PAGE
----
Enhorabona a Microsoft per aquesta iniciativa que acull l'estimada ciutat de Barcelona i que ha reunit a més de mil persones entre educadors, líders escolars, responsables educatius de tot el món i representants de les Administracions Públiques.
I enhorabona també a Barcelona pel primer premi “i capital” que ha estat atorgat aquesta mateixa setmana per la Comissió Europea degut a la seva dedicació en l’ús de les noves tecnologies en favor dels seus ciutadans.
So, thank you so much for your intation; but I would specially like to thank all of you, the participants, for your contribution to a crucial issue for the present and future of our youth, and of all our citizens, and societies. I trust you all had a good and productive stay among us, and that you also found some time to enjoy this fun and beautiful Catalan of Barcelona capital, of which all Spaniards feel so proud of.
The words of those who spoke before me today clearly illustrate their commitment to improving education, and their pragmatic outlook, which seeks to perfect training by constantly taking full advantage of the latest technologies. That’s what this is all about: use technology to be more effective and more efficient at one of the oldest and most basic responsibilities we have had all throughout human civilisation, to train, to educate, to deliver better skills that allow us to improve our living conditions; to work, perform and make a living; to raise a family; to serve or help others; and indeed also to continue our quest for knowledge and understanding.
In this regard, to transform education is absolutely essential —as you have extensively pointed out in these fruitful working sessions, full of reflection and debate. And this transformation is based on access, use and even mastery of the new technologies that lead to a better student performance and lay the foundation for a strong, competitive economy; one that is able to generate wealth and jobs, while it also improves by incorporating those better human and professional resources
Globalisation and technological breakthroughs have clearly changed the world, the way we live and do things; and, of course, that includes the way we educate. This old concept, or human activity, faces new challenges —which, in the 21st century, encompass personalised teaching, skills acquisition, and lifelong learning... and continuously training the teachers. Today we know that education marked by an accumulation of facts is absolutely not enough; that learning is not an activity limited to a specific timeframe, because what we learn now, the knowledge acquired today, will not always be appropriate or enough to address the needs and challenges of the future.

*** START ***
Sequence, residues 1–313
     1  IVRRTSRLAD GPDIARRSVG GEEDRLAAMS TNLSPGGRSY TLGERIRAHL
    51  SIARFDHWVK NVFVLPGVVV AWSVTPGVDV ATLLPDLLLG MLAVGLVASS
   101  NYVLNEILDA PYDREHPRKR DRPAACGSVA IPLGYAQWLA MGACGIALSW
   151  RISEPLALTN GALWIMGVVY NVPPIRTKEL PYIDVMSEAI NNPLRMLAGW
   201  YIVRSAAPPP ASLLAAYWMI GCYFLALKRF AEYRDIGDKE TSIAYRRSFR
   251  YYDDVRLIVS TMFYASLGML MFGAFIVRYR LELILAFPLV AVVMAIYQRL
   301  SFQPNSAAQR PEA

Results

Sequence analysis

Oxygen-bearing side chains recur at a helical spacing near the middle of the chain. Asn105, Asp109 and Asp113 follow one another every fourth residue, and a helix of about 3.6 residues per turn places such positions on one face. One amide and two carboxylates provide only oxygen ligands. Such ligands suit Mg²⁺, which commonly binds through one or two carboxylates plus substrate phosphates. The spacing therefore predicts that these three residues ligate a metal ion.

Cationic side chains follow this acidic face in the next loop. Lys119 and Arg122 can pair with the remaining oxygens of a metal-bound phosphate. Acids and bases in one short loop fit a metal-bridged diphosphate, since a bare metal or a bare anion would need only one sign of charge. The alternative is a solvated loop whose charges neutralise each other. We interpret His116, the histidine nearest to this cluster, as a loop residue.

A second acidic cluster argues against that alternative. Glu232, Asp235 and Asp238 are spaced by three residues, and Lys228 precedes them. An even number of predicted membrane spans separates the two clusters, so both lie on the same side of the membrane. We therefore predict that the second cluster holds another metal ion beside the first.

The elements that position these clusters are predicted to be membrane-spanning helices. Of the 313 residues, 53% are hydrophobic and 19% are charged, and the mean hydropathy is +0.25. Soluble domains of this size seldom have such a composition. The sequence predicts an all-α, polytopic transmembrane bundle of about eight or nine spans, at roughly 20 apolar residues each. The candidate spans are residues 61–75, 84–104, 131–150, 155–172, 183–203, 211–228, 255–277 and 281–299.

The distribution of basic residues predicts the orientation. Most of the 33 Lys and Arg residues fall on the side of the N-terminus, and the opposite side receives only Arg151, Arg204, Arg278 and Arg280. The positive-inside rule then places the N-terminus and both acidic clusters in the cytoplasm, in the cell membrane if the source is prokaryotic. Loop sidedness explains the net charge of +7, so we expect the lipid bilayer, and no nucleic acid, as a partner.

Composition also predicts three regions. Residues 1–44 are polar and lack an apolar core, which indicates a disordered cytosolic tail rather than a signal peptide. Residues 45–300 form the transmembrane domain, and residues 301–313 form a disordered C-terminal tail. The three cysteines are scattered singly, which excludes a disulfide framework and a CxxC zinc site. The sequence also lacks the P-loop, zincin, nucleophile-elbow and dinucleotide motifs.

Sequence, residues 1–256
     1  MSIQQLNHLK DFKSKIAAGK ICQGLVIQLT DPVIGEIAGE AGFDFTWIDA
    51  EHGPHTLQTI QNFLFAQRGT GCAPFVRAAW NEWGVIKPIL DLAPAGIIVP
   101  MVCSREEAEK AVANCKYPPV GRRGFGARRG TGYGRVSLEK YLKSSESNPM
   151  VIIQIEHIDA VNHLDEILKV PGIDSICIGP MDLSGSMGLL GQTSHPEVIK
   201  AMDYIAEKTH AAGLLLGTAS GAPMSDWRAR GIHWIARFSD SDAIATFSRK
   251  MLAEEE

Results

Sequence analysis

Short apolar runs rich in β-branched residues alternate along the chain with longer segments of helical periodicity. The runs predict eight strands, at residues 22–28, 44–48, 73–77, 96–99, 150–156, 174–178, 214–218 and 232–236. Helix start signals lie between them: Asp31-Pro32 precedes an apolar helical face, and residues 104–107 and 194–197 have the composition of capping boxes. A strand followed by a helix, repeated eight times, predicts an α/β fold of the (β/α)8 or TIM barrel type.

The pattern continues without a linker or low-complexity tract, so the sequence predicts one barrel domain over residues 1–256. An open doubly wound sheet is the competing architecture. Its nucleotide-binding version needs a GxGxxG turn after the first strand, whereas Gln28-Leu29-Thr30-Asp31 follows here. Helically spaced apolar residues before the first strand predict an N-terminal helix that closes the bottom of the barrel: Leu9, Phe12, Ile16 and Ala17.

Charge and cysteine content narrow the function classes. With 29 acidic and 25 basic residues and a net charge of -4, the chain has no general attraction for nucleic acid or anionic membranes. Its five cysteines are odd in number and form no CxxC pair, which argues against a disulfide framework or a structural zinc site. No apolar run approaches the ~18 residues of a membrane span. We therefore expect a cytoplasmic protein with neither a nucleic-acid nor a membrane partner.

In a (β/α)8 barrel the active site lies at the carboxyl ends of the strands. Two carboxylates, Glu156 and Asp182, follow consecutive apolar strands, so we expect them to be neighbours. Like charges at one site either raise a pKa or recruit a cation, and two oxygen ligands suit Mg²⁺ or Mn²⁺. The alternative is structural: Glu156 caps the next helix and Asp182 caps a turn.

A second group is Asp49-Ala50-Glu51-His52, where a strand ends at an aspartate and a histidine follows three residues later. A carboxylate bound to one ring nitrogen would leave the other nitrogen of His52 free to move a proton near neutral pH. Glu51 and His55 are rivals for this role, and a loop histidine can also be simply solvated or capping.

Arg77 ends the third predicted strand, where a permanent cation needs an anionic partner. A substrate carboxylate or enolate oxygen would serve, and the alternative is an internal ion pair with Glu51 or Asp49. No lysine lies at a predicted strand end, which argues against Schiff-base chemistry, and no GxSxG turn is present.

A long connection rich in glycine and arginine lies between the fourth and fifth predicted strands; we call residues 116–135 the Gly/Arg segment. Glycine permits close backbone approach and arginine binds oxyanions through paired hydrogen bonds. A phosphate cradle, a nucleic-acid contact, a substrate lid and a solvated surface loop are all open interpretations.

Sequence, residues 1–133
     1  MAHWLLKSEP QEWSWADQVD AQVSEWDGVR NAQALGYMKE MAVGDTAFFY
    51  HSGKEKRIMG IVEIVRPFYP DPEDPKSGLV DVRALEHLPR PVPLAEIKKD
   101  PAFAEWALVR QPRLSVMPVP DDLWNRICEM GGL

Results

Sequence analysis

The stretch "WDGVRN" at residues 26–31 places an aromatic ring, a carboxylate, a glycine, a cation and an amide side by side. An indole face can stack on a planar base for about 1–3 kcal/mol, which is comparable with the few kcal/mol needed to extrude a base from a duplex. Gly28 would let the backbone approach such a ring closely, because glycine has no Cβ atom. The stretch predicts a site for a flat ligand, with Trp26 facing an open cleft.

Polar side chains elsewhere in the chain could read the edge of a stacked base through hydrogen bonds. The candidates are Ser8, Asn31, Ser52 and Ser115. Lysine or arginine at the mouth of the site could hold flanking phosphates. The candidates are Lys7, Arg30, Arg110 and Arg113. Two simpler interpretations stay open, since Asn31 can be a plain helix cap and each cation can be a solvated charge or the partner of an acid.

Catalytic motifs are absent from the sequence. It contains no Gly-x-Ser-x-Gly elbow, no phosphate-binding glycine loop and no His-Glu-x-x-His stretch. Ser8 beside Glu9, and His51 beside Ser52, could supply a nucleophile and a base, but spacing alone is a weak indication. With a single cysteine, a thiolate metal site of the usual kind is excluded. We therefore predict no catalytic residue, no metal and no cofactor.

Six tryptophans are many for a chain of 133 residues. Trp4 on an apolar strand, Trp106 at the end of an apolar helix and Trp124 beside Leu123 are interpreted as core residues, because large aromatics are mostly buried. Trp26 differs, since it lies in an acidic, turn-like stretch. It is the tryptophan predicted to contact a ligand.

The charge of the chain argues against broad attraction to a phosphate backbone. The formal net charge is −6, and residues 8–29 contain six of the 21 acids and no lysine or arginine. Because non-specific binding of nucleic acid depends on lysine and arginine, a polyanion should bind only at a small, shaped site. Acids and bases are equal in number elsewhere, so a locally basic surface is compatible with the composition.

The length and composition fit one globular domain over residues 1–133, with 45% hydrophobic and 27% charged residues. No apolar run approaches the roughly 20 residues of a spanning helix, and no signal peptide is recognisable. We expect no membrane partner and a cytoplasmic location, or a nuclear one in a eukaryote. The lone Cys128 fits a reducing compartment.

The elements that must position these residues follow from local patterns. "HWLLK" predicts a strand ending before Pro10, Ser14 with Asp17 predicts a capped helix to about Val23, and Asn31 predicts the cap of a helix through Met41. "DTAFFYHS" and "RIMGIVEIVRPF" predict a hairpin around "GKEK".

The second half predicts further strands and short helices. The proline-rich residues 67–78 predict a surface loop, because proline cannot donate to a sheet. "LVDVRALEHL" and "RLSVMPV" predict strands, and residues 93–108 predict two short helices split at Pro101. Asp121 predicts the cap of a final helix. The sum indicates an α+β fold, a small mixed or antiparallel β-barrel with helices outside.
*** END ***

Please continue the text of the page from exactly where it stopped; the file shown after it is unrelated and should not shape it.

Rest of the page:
Therefore, students need to obtain, from an early age, the basic skills to perform in often uncertain and shifting environments. In every circumstance, but even more so in an increasingly competitive context and in the ever-evolving knowledge-based society in which we live, each individual needs to develop –to maximise− all his or her capacities to the utmost.
Students, educators, trainees and also professionals —even parents!—, will be much better off if they develop the ability to constantly adapt, innovate and stay on the learning curve of any technological advance that may either give them an advantage, or allow them to keep up with the pace of change and understand the implications and transformations it brings.
But of course exclusion is currently still a threat; a threat defined, among other factors, by precisely the lack of those basic skills or that ability; more so than just the pure and simple technological gap of having or not the equipment at one’s disposal.
In this regard, to transform education is absolutely essential —as you have extensively pointed out in these fruitful working sessions, full of reflection and debate. And this transformation is based on access, use and even mastery of the new technologies that lead to a better student performance reduce deep out rates and lay the foundation for a strong, competitive economy; one that is able to generate wealth and jobs, while it also improves by incorporating those better human and professional resources.
Our goal is for young people to acquire those necessary skills that ensure their personal and professional future, enabling them to successfully enter the workforce because they can adapt to the economy's needs. By doing so, not only will they be more successfully and more happy, they will also definitely contribute to society’s progress as a whole, a purpose that we must always bear in mind. In this training process the work of teachers is essential, and their impact is multiplied when carried out within the framework of integrated schools, effectively promoting innovation and driving social mobility.
Well, Ladies and gentlemen, dear friends. Thank you again for having me here today to formally close this Microsoft in Education Global Forum. I really look forward to learn more about your discussions these days, and I hope that it will continue, in future editions, to promote —with the same generosity and long-term vision— this open space for reflection and communication that is so useful to all of us. I wish you all a safe travel home or maybe a lovely time here in our country and in the city if you choose to stay on for the weekend.
Thank you all very much.